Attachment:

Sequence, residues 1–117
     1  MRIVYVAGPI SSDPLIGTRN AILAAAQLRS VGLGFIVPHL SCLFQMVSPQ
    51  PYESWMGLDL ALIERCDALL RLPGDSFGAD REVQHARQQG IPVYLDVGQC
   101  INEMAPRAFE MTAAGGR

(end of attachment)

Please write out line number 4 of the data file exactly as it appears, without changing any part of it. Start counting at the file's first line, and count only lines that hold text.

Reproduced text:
   101  INEMAPRAFE MTAAGGR